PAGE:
even the ending looks positive, marnie finds the cause of her problem and why she's so afraid of "red" (blood)...the only one marnie loves and shows affection for is her mother whom marnie thinks doesn't love her. in the end, marnie is consoled that her mother does love her but coy to demonstrate her passion for the child. thus marnie is a picture of a perverse romance between a parent and her child, instead of man and woman. and marnie says she would rather be with mark instead of jail, so could it be that he becomes the father figure she's never had in her life? and the sean connery character becomes the pateral figure who attempts to coach a die-hard lesbian into woman so he could finally "consummate" with her like a naughty daddy tickled by the idea of "incest"....could that be happy ending? or tragedy with a faux-relief because marnie now is finally willing to conform to this gentlemanly rapist and consents to be his hostage?

hitchcock askes the scriptor to add up the scene of attempted rape, and he has to fire the scriptor (who refuses that request) to have his ways of "raping marnie." there're also rumours (actually tippi hedren later admits some of them) that hitchcock's also highly "interested" in hedren but angery at her because of her persistent refusals . anyway, he wants to manipulate her life but she wishes to be independent. i assume that tension between hitchcock and hedren is projected into marnie.

the original cast was intended for grace kelly, who turned it down for being princess of morocco. but this picture fits better with tippi hedren. i do wonder how come it get so many bad critics? what's so bad about it? i think marnie's kinda refreshing with the most hard-boiled hitchcockian blonde ever! she's practically the biggest iceberg there and almost impossible to melt! hitchcock usually has a way to embody the hostility between man and woman (some degree of misogynism, you may say), such as vertigo. his man always wants to tame the proud woman and manipulate her into the ways he wishes her to be, as if he gets his kicks that way. that sympton is surely rendered through marnie with greatest obsessional violence.
Super Reviewer
½ July 4, 2010
"The idea was to kill myself, not feed the damn fish."

I wanted to like Marnie. No one can claim that I didn't try. But every time the movie started to become interesting for me, it would take a wrong turn and I'd be back where I started: unhappy that I had finally found a Hitchcock movie that I didn't have at least somewhat of a favorable opinion of.

Marnie has a story that is much more complicated than it initially appears to be. On the surface, it's about a thieving young woman and the wealthy man who catches her in the act, but the movie explores psychological issues that go far beyond the simple plot setup. We discover that Marnie is quite the complex, damaged character, and then the movie becomes about finding out why she is the way she is. This is a dark movie, no doubt. There's little humor or lightheartedness to be found, and the dour atmosphere only increases as it goes on. I'm usually a fan of that, but not here.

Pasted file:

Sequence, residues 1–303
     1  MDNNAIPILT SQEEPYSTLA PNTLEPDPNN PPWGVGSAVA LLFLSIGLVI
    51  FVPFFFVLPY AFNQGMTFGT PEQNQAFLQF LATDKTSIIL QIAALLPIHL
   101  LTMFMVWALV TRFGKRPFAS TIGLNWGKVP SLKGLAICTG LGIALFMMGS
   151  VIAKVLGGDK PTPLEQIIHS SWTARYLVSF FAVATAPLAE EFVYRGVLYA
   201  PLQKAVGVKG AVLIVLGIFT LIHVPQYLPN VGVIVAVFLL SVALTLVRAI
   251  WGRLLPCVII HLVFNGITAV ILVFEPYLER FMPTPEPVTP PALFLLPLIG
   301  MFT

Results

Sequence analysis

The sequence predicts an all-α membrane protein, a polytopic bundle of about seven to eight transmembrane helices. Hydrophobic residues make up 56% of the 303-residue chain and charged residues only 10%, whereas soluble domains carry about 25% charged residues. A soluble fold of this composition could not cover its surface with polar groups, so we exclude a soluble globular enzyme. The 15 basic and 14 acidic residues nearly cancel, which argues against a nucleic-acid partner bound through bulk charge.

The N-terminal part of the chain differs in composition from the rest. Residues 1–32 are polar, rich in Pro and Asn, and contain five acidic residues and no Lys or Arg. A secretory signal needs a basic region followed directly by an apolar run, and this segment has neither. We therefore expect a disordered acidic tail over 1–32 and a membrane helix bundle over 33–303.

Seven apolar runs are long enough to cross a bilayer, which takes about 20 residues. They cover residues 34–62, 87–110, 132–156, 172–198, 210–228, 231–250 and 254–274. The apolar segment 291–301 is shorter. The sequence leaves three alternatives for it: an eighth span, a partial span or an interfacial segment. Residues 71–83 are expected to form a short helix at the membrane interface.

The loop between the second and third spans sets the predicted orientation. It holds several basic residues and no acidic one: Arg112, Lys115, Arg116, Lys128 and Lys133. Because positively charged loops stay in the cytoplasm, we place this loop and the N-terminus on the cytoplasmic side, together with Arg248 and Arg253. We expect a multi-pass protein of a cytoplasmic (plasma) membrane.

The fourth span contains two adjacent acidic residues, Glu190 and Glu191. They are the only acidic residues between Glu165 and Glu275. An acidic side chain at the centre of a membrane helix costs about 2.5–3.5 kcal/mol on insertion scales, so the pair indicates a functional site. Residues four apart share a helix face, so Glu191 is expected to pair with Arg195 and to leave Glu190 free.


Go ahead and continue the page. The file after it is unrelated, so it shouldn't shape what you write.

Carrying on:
I was surprised to be slightly disappointed in Tippi Hedren's performance. I loved her in The Birds, but in this movie she's so outshone by Diane Baker (in a much smaller role), that I can't help but be convinced that a different actress should have been found for the part. As for Connery, well...he was Connery. I had to constantly remind myself that this wasn't some odd, forgotten entry into the Bond franchise. Neither of the leads were suited for their roles, in my opinion.

Marnie just wasn't for me. I can appreciate it for its ambition and I hope to watch it again one day to a different result, but this was the least entertaining Hitchcock movie that I've seen. Beyond a few scenes (the part with Marnie and the cleaning lady and the scenes following the fox chase, for example), I failed to see his talented fingerprints on this film.
Super Reviewer
May 30, 2010
Alfred Hitchcock did some great character work in his time, but his employment of psychology has always been unsubtle at best. The most obvious example of this is the long-winded, useless dissection of Norman Bates's criminal transvestism in Psycho, but it's even more blatant and pervasive in Marnie. We're made to understand very early in the film that Marnie has an unexplained fear of the color red; she sees a vase of flowers in her mother's house and tweaks out, and the screen floods with bright red light. Effective, if not a little over-the-top. What really pushes this device into hokey territory are its ten other occurrences throughout the course of the film. YES WE GET IT! BITCH IS AFRAID OF RED! For all the supposed stupidity running rampant in the films of today, the classics of fifty years ago sure weren't hurting for it either. Though it deserves credit for trying to get into its heroine's head, Marnie is scarcely more poignant or observant than any of today's half-assed psychological thrillers. To its credit, there are a few really interesting sections where answers and character traits are not force fed to us. One such scene occurs toward the beginning of the film, when Marnie is having a conversation with her mother, who is suspicious of all the money her daughter's spending. Marnie coyly informs her that the Bible says "money answereth all things," which deeply irritates her mother. Perhaps Marnie doesn't put much faith in religion, or perhaps she does, or perhaps she's just being a contrarian to get at her mother. Tippi Hedren is inconsistent and sort of hysterical through most of the movie, not quite the frigid resourceful thief we expect her to be, but her intelligent handling of this throwaway line tells us fifty times more about Marnie than Hitchcock's Freudian string pulling.